I wanted to stay longer at the gas station/trading post/casino and enjoy Nickie's parking space, but I kept moving.
|Almost as good as stealing a parking space.|
A friend told me this is A Duck. NOW I see it!
A fat, happy duck. What a lucky duck! I wonder if she gets tired of the show.
A Mary Colter building at Desert View. This is near the eastern edge of the park, near the border of the Navajo nation.
Having your picture taken under the bell is reported to bring good luck. I don't need no stinkin' luck! But, I don't turn it down, either.
I've been thinking of a name for the New Mexico cabin. Like Cold Comfort Farm, or Tara. I wonder if Ms. Colter would object to me borrowing this name. It feels right. I could go ahead and do it, and if she minds she'll let me know.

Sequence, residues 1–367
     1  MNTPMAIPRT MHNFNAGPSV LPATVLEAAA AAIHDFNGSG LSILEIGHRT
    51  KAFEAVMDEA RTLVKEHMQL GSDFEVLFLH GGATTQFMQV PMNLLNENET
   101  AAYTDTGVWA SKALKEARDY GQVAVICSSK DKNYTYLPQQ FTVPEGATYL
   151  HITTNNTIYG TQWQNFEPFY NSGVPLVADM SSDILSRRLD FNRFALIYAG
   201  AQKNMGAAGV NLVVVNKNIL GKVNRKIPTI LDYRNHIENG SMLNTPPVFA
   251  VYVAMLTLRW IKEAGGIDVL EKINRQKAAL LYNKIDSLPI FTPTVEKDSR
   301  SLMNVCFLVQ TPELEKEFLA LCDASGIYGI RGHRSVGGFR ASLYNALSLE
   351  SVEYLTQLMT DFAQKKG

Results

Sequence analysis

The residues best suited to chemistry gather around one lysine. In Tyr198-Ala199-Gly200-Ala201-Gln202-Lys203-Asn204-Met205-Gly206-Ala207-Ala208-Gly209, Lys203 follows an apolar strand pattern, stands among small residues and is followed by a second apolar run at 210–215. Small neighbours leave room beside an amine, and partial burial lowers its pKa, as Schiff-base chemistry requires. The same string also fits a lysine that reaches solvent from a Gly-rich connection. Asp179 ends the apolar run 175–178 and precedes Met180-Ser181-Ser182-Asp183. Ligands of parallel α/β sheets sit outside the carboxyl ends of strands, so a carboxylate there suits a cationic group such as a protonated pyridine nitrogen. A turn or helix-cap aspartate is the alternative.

I wasn't crazy about the idea of driving back down 64/180 in the dark, but it was that or sleeping on 64/180 with the elk. I saw two carcasses in broad daylight that reminded me to stay alert. They had been killed by elk. [SOUTH RIM-SHOT!]
There's a thing that should have a name. You're nervously driving at night on a lonely, two-lane, elk-strewn highway. The speed limit is 65 mph, but no way in Elk you're going to do 65.
You get behind someone else who is not going to do 65, and he has his brights on, managing the occasional oncoming car and large ungulate. It feels comfy. Reassuring. He's doing the heavy-lifting of holding up impatient elk-proof traffic, and you just draft behind him. Someone comes up behind you, you shrug. I'd go WAY faster than this, but that guy! Everyone gives you a pass when they pass.
That was the guy behind me for the last 50 miles. Hat tip, Dude, for at least keeping your brights off. It was fun getting to know you. I was happy to realize that when I made Elk Impact, there would be another human who knew about it. And an elk. I think we bonded a little.